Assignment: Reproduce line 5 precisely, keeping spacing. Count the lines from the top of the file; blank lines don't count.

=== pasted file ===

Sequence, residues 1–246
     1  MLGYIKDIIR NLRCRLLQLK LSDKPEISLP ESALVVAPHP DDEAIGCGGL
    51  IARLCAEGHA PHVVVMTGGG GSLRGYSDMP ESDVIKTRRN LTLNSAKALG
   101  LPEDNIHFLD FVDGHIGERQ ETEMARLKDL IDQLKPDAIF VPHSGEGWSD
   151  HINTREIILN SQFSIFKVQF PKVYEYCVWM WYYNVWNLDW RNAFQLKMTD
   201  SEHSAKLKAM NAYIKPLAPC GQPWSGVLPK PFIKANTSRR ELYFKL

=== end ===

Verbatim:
   151  HINTREIILN SQFSIFKVQF PKVYEYCVWM WYYNVWNLDW RNAFQLKMTD